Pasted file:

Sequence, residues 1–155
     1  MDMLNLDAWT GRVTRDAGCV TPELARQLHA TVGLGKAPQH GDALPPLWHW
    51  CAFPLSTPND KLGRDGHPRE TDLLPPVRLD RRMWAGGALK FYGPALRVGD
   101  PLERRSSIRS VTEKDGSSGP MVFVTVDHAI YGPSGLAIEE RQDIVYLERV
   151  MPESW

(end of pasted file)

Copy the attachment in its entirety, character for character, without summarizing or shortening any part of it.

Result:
Sequence, residues 1–155
     1  MDMLNLDAWT GRVTRDAGCV TPELARQLHA TVGLGKAPQH GDALPPLWHW
    51  CAFPLSTPND KLGRDGHPRE TDLLPPVRLD RRMWAGGALK FYGPALRVGD
   101  PLERRSSIRS VTEKDGSSGP MVFVTVDHAI YGPSGLAIEE RQDIVYLERV
   151  MPESW